So one day the old monk did what any self-respecting Zen Master would do: he called his students out. In the middle of meditation as he heard his students sighing and squirming, distracted by the noise, he leapt to his feet and shouted, “You want quiet? I’ll give you quiet!” And with that he rushed over to that huge freight door and opened it wide, the sounds of the street spilling into the room like a tsunami. “If you can’t find quiet here, you’ll not find it anywhere,” the monk said as he returned to his seat and his students returned to their meditation, chastened.

The place where my Zen Group meets isn’t in bustling New York City, but we are around the corner from the fire station and in the line of passing traffic. There’s always at least one siren-sounding emergency during Wednesday night practice, and there’s always a continuing parade of passersby talking loudly and drivers honking. These days we’ve been sitting to the sound of Wednesday night open-air concerts in the Square around the corner: noisy, distracting stuff. And yet as I tell newcomers who come to the group looking for tranquility, peace comes from within, not without. What difference, really, is there between one person shouting to another and the song of a bird? Or between the squeal of tires on pavement and the wingbeats of passing geese? We label one “sound” because we like it and the other “noise” because we don’t: that’s the only real difference. And because we think our everyday lives can’t possibly be havens of tranquility, we never find peace there because we aren’t open-minded enough to see tranquility in all its forms.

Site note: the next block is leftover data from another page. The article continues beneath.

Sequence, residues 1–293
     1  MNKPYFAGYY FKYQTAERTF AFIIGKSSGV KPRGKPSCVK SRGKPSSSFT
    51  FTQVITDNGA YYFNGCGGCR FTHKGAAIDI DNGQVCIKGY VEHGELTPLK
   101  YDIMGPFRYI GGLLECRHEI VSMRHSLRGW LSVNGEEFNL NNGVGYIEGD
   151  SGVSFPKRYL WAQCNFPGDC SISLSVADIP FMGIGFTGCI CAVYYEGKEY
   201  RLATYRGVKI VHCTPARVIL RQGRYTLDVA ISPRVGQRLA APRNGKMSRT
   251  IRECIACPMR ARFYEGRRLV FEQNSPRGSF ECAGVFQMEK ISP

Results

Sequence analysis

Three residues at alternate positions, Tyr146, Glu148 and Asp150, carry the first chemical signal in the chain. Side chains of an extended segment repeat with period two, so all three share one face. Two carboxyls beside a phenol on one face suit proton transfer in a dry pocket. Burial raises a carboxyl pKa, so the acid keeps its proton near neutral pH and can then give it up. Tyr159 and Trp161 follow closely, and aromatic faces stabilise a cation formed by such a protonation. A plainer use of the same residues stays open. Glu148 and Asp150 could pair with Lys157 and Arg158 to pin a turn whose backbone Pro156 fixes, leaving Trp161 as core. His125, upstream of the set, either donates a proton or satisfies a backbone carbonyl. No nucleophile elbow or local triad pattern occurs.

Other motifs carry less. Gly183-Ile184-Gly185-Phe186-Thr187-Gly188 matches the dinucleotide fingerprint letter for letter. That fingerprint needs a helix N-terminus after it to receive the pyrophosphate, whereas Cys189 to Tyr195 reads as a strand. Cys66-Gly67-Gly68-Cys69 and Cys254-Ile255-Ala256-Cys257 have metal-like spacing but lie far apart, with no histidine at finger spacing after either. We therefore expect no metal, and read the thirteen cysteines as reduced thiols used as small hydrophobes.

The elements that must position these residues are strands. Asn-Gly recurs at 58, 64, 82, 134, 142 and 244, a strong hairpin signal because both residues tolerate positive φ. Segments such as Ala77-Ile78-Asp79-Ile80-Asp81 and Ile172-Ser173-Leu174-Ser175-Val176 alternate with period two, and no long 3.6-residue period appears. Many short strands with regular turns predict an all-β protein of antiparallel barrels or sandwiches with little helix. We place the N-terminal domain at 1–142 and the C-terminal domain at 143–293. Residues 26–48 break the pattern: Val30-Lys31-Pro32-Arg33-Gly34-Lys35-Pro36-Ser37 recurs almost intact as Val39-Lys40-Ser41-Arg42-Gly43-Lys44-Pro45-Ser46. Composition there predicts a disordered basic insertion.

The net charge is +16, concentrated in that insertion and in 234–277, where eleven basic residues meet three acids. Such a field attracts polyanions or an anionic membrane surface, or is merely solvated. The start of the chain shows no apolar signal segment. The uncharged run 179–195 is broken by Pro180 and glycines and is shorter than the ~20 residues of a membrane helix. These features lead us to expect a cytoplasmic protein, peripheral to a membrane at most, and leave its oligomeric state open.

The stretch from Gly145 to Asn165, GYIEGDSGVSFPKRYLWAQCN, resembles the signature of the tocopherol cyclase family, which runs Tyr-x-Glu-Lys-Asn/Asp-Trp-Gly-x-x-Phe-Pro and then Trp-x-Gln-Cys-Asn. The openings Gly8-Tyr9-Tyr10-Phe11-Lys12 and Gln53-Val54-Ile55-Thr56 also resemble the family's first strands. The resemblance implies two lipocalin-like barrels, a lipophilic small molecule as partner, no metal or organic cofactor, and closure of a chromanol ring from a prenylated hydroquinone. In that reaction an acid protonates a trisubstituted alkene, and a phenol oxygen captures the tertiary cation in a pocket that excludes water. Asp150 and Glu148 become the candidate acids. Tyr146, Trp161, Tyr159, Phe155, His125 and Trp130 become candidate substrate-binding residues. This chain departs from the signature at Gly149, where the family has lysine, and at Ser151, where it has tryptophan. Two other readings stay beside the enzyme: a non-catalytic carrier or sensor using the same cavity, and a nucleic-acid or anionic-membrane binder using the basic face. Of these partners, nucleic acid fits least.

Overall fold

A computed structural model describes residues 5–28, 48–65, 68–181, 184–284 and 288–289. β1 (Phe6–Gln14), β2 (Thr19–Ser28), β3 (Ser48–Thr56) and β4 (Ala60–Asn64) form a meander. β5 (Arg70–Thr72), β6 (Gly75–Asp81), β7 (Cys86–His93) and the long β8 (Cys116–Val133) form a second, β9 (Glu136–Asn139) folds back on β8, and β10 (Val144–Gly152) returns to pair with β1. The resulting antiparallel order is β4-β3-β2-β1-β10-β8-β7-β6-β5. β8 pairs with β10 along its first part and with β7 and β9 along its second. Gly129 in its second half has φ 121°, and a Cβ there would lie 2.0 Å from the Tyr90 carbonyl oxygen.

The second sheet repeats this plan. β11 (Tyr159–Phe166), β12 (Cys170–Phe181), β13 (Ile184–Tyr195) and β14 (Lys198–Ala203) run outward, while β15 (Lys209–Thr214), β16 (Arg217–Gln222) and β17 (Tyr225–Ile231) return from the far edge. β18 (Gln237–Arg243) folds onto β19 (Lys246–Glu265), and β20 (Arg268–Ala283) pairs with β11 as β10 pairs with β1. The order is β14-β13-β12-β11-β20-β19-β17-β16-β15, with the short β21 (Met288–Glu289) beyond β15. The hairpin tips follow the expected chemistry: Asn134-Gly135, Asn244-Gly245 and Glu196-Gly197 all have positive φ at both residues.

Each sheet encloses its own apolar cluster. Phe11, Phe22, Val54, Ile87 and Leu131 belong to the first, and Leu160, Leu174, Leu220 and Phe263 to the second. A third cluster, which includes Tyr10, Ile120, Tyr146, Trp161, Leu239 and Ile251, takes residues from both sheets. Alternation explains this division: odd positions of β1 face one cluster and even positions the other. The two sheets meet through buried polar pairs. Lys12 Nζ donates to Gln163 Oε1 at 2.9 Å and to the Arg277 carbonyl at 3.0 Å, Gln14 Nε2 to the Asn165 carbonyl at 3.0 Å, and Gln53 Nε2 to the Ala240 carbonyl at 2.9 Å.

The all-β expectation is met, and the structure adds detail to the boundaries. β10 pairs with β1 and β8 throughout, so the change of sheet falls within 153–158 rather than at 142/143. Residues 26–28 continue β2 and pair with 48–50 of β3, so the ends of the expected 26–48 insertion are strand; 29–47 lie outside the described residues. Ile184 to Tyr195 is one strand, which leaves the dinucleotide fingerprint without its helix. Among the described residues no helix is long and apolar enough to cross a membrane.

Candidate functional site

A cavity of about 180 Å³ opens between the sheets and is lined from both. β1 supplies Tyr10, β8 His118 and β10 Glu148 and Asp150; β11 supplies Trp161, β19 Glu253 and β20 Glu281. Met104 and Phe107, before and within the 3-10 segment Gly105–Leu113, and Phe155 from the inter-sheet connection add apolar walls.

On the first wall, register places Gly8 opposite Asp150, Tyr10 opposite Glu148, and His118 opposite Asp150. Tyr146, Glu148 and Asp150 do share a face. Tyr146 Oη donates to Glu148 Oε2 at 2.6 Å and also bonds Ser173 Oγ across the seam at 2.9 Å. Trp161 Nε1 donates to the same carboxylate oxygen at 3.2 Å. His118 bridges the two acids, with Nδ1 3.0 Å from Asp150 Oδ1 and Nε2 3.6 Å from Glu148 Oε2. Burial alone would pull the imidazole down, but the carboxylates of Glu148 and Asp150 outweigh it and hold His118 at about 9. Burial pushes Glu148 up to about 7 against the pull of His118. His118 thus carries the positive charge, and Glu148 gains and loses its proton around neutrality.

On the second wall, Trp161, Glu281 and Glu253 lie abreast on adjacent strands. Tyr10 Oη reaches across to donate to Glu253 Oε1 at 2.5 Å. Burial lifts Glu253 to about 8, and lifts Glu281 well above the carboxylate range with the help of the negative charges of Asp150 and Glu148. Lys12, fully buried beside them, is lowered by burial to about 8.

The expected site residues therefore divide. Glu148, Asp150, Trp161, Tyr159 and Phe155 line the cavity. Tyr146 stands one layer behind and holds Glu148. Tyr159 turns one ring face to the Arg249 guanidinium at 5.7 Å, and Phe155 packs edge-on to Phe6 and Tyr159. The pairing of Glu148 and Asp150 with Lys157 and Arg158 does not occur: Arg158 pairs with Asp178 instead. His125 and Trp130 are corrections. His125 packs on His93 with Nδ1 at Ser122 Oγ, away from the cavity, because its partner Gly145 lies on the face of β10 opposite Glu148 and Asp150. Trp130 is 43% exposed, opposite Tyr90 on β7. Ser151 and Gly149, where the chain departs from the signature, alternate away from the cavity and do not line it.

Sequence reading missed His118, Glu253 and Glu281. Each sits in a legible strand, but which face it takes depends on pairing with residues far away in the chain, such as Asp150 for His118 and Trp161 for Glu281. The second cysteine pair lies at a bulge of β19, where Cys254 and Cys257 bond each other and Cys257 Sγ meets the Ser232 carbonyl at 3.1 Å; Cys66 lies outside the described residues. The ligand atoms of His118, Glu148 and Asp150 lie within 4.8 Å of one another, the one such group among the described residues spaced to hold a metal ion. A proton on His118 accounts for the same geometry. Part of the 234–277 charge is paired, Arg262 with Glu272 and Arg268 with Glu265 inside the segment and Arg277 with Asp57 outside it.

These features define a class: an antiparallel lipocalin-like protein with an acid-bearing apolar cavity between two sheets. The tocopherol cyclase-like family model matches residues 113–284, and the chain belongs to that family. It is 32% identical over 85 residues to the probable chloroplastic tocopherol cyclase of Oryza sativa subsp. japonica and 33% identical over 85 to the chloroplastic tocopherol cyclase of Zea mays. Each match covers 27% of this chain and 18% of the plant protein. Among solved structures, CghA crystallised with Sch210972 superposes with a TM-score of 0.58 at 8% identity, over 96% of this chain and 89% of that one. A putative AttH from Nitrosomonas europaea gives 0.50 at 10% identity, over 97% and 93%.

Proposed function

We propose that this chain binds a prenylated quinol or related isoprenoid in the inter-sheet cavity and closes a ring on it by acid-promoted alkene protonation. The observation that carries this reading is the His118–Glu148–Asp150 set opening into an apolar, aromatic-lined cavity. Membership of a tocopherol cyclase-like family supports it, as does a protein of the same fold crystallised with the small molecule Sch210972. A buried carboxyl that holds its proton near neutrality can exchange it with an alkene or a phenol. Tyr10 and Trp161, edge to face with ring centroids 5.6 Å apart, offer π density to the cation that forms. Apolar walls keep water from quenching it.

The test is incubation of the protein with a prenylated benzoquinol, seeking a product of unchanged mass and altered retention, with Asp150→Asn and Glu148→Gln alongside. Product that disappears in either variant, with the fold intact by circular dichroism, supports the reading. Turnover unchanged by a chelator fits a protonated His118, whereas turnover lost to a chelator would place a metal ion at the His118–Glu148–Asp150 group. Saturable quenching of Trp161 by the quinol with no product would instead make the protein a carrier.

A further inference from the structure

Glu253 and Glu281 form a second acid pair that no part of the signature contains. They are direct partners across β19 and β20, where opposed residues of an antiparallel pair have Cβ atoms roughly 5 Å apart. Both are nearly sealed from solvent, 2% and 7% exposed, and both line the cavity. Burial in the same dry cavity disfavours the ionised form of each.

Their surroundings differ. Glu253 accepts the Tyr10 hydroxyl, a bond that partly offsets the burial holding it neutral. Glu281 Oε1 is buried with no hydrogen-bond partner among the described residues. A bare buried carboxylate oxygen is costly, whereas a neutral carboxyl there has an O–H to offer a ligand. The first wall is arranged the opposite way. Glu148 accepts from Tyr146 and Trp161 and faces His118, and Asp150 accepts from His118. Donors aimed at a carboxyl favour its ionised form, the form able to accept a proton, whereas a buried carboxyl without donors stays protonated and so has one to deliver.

Many Christian-influenced meditators take comfort in Psalm 47:10: “Be still, and know that I am God.” Taken out of context, this is a statement of tranquility…and yet the rest of the psalm describes the tumult of earthquake and warfare: “Come and see the works of the Lord, the desolation he has brought on the earth.” God, it seems, is the ultimate earth-mover: he don’t need no stinkin’ bulldozer. “God is our refuge and strength, an ever-present help in trouble. Therefore we will not fear, though the earth give way and the mountains fall into the sea, though its waters roar and foam and the mountains quake with their surging.” Finding God in quiet and tranquility is fine and good…but can you find God when the earth around you is movin’ and shakin’? Can you find God in downtown New York City, or Buddha in the gears of a machine? If God and Buddha aren’t in these places, they ain’t nowhere, sweetheart: if you can’t find tranquility right here, right now, you ain’t gonna find it anywhere. And you can go ahead and call me Very Pushy for saying so.